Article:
Advanced Placement Studio Art
What is Advanced Placement Studio Art?
“The AP program in Studio Art is intended for highly motivated students who are seriously interested in the study of art. Students should be made aware that AP work involves significantly more commitment and accomplishment than the typical high school course.” -College Board
The AP Studio Art Portfolio consists of three sections – Quality, Concentration and Breadth. The Quality Section provides the student the opportunity to show their actual ability and “ permits the students to select the works that best exhibit a synthesis of form, techniques, and content.” The Concentration Section “asks the student to demonstrate a depth of investigation and process of discovery”. And the Breadth section asks students to “ demonstrate a serious grounding in visual principles and material techniques.” For the Quality section, the student sends in five actual artworks. For both the Concentration and Breadth, students submit twelve slides each. The three sections are scored separately by different evaluators but are weighed the same. The three scores are then combined and the medium becomes the score of the portfolio.
"Quality refers to the total work of art - the concept, the composition and technical skills demonstrated, and the realization of the artist's intentions. It can be found in very simple and elaborate works. For this section of the portfolio, students are asked to select examples of their very best work in which the evaluators will recognize quaility and will perceive that these works develop the students' intentions, both in concept and execution." -The College Board
For the Concentration Section of the portfolio, students are asked to research, investigate and explore different artists, art styles and cultures to help determine their interests in subject matter, medium and technique. With this information in hand, they formulate a thesis statement for developing “a body of related works based on an individual’s interest in a particular idea expressed visually. It focuses on a process of investigation, growth and discovery” not on the product.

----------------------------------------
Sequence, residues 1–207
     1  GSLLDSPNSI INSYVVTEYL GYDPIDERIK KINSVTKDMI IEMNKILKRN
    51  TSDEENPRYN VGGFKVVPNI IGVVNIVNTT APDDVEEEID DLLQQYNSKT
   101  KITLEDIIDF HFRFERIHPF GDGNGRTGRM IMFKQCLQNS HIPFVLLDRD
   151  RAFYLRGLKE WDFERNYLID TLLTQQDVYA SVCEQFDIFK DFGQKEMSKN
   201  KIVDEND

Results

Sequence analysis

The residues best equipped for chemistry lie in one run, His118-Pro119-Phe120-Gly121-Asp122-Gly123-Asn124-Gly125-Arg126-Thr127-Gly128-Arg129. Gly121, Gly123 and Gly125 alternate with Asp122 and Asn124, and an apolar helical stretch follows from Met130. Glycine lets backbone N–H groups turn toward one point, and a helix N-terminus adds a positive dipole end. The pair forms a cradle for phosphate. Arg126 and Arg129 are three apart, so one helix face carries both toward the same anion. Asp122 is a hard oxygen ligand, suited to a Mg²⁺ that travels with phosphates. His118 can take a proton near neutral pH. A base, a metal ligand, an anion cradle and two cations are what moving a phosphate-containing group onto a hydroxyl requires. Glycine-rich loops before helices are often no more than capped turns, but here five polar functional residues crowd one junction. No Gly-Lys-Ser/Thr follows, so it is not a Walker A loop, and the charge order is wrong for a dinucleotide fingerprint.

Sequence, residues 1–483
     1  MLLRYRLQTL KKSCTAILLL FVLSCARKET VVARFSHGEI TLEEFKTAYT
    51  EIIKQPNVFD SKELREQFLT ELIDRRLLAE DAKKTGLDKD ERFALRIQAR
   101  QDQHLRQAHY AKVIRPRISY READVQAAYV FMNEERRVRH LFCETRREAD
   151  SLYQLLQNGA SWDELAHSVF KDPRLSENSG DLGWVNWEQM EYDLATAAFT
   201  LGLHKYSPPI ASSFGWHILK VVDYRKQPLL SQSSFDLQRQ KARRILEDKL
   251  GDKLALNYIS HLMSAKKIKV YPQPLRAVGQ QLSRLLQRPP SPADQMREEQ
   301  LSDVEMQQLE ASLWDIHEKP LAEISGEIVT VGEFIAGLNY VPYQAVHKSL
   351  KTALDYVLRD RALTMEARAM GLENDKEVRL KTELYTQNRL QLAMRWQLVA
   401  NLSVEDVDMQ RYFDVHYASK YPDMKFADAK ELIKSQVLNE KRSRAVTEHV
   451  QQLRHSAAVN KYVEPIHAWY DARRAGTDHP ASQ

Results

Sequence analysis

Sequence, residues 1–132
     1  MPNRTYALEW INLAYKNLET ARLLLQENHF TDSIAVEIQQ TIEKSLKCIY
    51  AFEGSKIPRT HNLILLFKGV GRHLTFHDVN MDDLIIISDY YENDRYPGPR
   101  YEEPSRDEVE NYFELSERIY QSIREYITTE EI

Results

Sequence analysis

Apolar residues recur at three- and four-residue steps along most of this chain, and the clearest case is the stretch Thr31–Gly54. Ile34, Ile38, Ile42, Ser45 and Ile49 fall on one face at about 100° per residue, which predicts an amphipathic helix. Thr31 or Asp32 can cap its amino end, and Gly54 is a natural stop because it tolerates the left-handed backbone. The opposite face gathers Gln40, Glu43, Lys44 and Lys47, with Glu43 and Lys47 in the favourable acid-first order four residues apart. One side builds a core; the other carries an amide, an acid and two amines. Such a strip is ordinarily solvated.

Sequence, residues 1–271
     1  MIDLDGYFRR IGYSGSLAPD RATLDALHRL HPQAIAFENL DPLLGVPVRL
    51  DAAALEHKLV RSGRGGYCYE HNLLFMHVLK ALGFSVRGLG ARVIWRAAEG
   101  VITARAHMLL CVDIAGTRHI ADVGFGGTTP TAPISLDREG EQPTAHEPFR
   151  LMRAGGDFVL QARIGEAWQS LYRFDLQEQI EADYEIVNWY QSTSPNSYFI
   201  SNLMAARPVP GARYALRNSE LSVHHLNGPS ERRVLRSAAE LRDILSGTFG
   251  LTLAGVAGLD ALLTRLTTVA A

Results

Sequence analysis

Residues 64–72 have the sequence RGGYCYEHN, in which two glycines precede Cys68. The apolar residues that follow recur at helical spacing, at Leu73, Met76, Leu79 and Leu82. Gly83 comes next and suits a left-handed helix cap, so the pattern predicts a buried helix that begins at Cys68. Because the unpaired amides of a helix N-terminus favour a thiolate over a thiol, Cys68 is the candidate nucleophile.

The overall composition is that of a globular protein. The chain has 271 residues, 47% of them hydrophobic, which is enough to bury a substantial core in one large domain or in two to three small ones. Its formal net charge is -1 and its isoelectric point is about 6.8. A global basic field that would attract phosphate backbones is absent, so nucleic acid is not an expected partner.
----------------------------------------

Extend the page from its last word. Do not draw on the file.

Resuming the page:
This year some of the student statements are as follows:
" I chose to focus on abstract expressionism as my concentration in order to reach my ultimate vision. I began my research by studying Mark Rothko and expanded into the works of Jasper Johns and Robert Rauschenberg. My love for abstract art has derived from these masters and their unique use of media. throughout my experiences with my own work I have come across a variety of materials and concepts. my ideas range from visions in dreams, to expressing deep emotions, to reacting to personal surroundings. With this, I hope to portray my statement." -Kristen DeMarco
"I believe art is a mechanism of self expression. Through artwork, I express feeling, opinion and creativity. For my concentration I have chosen to express my feelings of various places in and around my hometown of Baltimore. Some scenes appear inviting whilst others give a sense of coldness and solidarity. I try to represent this through color, mark making and composition.” – Jessica Nyce
"For my AP concentration I am focusing on compiling works of simple, everyday objects in a repetitive style. I concentrated on pushing color and working with a vast variety of materials. I also worked on making my artwork fun and visually pleasing for all ages. I focused on, and studied in depth, the works of Wayne Theibaud and Candy Jernigan who both basically have work consisting of my concentration subject and ideas.” – Jen Bengel
For the Breath Section, students are asked to demonstrate their diverse ability in media and subject matter, from observational to abstract to imagination. In the beginning of the year the course is focused on achieving this goal. Specific assignments are given both in class and for outside assignments. In addition, a list of 30 different problems is posted in the classroom. These problems particularly address using a variety of media and subject matter to enhance their portfolio.